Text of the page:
Gate Pa – Year C - 1st Sunday in Advent
Psalm Psalm 25:1-10
First Reading: Jeremiah 33:14-16
Second Reading: 1 Thessalonians 3:9-13
Gospel: Luke 21:25-36
What I want to say:
Use Elie Wiesel’s “Night” to explore our reading from Jeremiah as voice hope in time when even God is dying. Are we in such a time? Luke warns us to not be distracted by what goes on around us to the stand up and raise our heads. Again Elie Wiesel warns us what happens when we do not heed this warning. How do we stand up and raise our heads as we go through this time of madness to Christmas. Remember, Christmas is important but it is not the point! What then is the point?
What I want to happen:
If Christmas is not the point – then what is the point of all our preparation and celebration. What is it we look for this advent?
Last weekend was our son and his wife’s birthday
sang them song taught by young Canadian many years ago
just to keep things light
death destruction and decay
children dying every day
set the tone for the week really
This year I thought I would prepare for Advent by reading Elie Wiesel’s “Night”
His harrowing story as 15 year old living the last year of Hitler’s final solution at Auschwitz and then Buchenwald concentration camps.
described as “his own personal experience of total humiliation and of the utter contempt for humanity shown in Hitler's death camps"
describes in Night how
- as he walked from cattle cars taken them from ghettos of Sighet in Hungary
- through the gates of Auschwitz
- towards the fires and the crematorium chimney
- separated from his mother and sister who walked to their deaths.
- and watching as infants were tossed into the fires
- and he and his father walked to uncertain futures (would they even live the night?)
he knew the death of God
I am reminded of why Advent is so important
3. Jeremiah and the death of G-d
I realised as I read our first reading this week that Night helps me into Jeremiah He was writing in time where for many Jewish people God was dying
- when everything that gave meaning to their lives in process of being destroyed or taken away
o David kings
o Priests of the temple
Babylonians gods had defeated YHWH
life as they knew it had come to an end
not same kind of horror that Jews Europe suffered
yet I suspect the effect was very similar
in that night we are offered a piece of Happy Jeremiah
- Book of Consolation
- promise, the hope that a descendant of David would come to execute Gods justice and righteousness
- in the darkest of nights – God is faithful.
hold on to that for a moment
One of chilling parts of “Night” is the story of life in early 1940’s in town of Sighet in Hungary
nothing really happened until 1944 when Fascists seized power
even so all non-Hungarian Jews were deported on cattle cars provided by German army
when out Hungary – taken off trains and into forest
- where they dug mass grave
- then were shot
one person survived that
desperate to warn his fellow Jews of came back to Sighet
but they would not believe that such a thing could happen
they mocked him and his story
they would not act
they would not flee to safer places
when Fascists took over they refused to believe that anything would happen
when they were forced into two ghettos they thought maybe it was for the best
even when deported on cattle trucks still they would not believe what might happen
only when death stared them in the face would they dare to believe that such things could happen in Europe in that day and age.
And we are no different
I am not different
in part because we do not know what we might do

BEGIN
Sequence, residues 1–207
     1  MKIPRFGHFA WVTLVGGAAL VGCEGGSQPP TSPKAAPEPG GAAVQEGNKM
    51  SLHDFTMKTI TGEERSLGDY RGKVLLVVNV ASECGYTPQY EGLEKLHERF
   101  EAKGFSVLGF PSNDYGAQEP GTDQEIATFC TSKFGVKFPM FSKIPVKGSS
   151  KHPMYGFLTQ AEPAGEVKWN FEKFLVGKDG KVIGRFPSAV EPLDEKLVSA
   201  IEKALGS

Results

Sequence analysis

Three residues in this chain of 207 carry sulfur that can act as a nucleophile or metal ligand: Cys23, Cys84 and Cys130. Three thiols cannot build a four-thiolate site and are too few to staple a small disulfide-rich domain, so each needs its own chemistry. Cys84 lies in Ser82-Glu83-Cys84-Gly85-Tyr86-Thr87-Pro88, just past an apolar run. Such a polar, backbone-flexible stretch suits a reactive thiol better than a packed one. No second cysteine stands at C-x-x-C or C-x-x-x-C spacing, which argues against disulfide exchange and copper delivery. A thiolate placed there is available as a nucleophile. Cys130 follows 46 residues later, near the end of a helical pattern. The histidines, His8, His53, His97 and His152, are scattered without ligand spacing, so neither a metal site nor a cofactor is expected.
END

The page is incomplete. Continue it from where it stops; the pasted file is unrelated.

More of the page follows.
All is not well with our would
but what might we do?
5. Luke’s warnings
which brings us back to Jeremiah and Luke and Advent
Gospel reading for this Sunday is Luke’s version of what we heard from Mark 13 two weeks ago
more – death destruction and decay
children dying every day
to be honest there was enough already being thrown at me from news
- climate change reports
- caravans of asylum seekers met with armed troops and tear gas
- Catastrophic effects on war Yemen
Here in this land
either the amazing apathy about all those things
- including the looming disaster of climate change
or the intense intolerance to those trying to escape the consequences of all that bad news
- what am I supposed to do with all this Luke?
- and anyway, it’s Christmas
o we have big things to get ready for
§ gatherings of friends and families
§ presents to organise
§ food to prepare
§ singing and carolling to be done
which might be why we have this reading from Luke
Reading from Luke is a warning to not be like the Jews of Sighet
- pay attention to the signs going on around us
Time to “be on your guard. Don't let the sharp edge of your expectation get dulled by parties and drinking and shopping” as The Message puts it.
Christmas is important
But Luke would say
- it is not the point!
The point is that, as Jeremiah said
- God is faithful
- even in the darkest times, God is faithful
God is at work bringing in reign of peace, hope, joy, love
Christmas reminds us that in the darkest of nights – God is faithful.
reminded to hope for world where Gods justice and righteousness reign
I wonder what that looks like for you?
I wonder how our preparations for and celebration of Christmas is shaped by these things
If Christmas is not the point
- then what is the point of all our preparation and celebration.
- and what is it we look for this advent?
Finish quote from one people I read in preparation for my sermon each week
Bill Loader (http://wwwstaff.murdoch.edu.au/~loader/LkAdvent1.htm)
“The warnings in 21:34-36 easily transfer into the contemporary setting. We may not be weighed down with drunkenness and debauchery, but our self-indulgence and the vested interest in sustaining our lifestyles at the expense of peoples trapped in poverty lives itself out in equal irresponsibility - both locally and on a global scale. Our praying may be less for our own survival (21:36) and more for the survival of all.”